(Bloomberg) -- OPEC+ agreed a surprise new oil supply cutback of about 900,000 barrels a day, yet crude prices fell as traders remained skeptical on whether it will be fully implemented.

Members including Russia, the United Arab Emirates, Kuwait and Iraq pledged the extra reductions after an online meeting, the organization said in a statement on its website. Saudi Arabia promised to continue its unilateral 1 million barrel-a-day cut through the first quarter. 

Still, traders were wary of how far countries will follow through on the curbs, which are on a “voluntary” basis. At the end of fractious talks, Angola said it would reject its diminished output quota and keep pumping at current levels. 

West Texas Intermediate futures erased initial gains to slide 1.5% to $76.67 a barrel as of 1:11 p.m. in New York.

“Crude is cratering because so far traders have yet to see concrete evidence of credible incremental output cuts alongside the continuation of voluntary Saudi and Russian cuts,” said Bob McNally, president of Rapidan Energy Group. The market is “surprised and confused,” he said. 

Oil has weakened over the past two months amid plentiful supplies and a darkening economic backdrop. The outlook could deteriorate even further next year, when forecasters including the International Energy Agency anticipate a sharp slowdown in demand growth.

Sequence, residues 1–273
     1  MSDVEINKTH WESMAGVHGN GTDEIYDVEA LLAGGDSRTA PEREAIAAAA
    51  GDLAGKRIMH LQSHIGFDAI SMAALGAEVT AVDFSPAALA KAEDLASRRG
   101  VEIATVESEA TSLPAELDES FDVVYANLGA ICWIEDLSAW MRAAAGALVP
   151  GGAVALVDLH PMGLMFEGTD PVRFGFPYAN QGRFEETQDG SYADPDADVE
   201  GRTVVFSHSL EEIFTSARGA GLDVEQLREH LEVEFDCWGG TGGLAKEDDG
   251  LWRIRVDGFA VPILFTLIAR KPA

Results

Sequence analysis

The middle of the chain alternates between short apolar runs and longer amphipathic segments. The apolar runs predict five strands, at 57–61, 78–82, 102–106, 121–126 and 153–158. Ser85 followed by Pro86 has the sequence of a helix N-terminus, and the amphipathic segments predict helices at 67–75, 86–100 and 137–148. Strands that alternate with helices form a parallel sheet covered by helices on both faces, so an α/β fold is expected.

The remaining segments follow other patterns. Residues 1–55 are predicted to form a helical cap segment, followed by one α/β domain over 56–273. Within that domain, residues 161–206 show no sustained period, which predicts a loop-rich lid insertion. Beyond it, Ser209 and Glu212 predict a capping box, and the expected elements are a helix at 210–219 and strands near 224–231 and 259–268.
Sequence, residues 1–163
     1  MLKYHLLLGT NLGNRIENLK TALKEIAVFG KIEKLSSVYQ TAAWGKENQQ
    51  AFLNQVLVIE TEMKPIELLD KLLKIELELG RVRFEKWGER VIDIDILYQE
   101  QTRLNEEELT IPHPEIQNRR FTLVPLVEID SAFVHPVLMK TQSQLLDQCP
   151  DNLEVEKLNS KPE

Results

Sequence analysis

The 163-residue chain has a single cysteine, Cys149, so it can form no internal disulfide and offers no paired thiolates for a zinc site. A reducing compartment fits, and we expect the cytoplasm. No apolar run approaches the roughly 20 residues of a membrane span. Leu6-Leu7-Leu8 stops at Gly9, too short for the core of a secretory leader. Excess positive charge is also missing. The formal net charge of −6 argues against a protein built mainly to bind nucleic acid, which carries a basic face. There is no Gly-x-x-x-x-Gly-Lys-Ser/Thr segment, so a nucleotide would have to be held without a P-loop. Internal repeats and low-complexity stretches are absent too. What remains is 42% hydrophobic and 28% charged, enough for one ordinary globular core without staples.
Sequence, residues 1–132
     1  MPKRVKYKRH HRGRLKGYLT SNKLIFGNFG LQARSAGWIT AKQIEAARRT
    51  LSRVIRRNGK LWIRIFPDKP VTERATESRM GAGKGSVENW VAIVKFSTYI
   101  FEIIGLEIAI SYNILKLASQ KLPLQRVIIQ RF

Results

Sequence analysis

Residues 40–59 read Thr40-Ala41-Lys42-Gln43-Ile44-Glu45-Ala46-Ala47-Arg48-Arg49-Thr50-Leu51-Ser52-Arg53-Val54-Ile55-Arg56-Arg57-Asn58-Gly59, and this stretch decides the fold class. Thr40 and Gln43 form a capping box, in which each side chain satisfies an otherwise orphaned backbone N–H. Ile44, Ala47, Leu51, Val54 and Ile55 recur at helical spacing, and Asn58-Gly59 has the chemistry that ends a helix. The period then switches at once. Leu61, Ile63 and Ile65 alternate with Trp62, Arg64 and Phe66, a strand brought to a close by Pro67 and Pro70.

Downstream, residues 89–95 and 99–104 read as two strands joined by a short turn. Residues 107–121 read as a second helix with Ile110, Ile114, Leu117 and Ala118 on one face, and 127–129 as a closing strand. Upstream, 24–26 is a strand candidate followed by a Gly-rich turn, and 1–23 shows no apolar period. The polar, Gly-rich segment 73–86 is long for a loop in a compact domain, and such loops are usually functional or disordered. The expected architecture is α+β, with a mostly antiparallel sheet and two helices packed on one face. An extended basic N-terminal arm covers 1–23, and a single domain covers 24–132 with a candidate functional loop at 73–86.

Since July, Saudi Arabia has been making an extra voluntary cut of 1 million barrels a day, described by Energy Minister Prince Abdulaziz bin Salman as a “lollipop” for the market. The kingdom was pressing the rest of the Organization of Petroleum Exporting Countries and its allies to join this effort after crude prices fell by more than 10% from their September high. 

“It seems the OPEC+ production cuts are ‘voluntary’ cuts, not part of an OPEC+ agreement,” said Giovanni Staunovo, an analyst at UBS Group AG. “Hence the concern is that a large fraction of it could be a pledge on paper and effectively less barrels being removed from the market.”

Angola’s Production

OPEC+ was compelled to delay Thursday’s meeting, originally scheduled for Nov. 26 in Vienna, by four days because of a dispute over quotas for some African members. 

The group ultimately downgraded Angola’s quota by roughly 200,000 barrels a day to 1.1 million a day, but Luanda’s liaison to the organization rejected the limit.

“We will produce above the quota determined by OPEC,” Angola’s OPEC governor Estevao Pedro said in an interview. “It is not a matter of disobeying OPEC; we presented our position, and OPEC should take it into consideration.”

The defiance will bring back troubling memories of Ecuador’s exit from the group. The South American producer said it would breach its quota in 2017, and eventually ended up leaving. 

In a surprise move, Brazil will join the cooperation charter of the OPEC+ oil alliance, a move that won’t bind it to making production cuts. Brazilian Energy Minister Alexandre Silveira told a meeting of the group on Thursday that the country would make the move next year. 

“President Lula confirmed our entry into the OPEC+ cooperation charter from January 2024,” the minister told the group, according to a video circulated by delegates. He was met with a round of applause. 

--With assistance from Ben Bartenstein and Candido Mendes.

(Updates with national pledges in second paragraph.)

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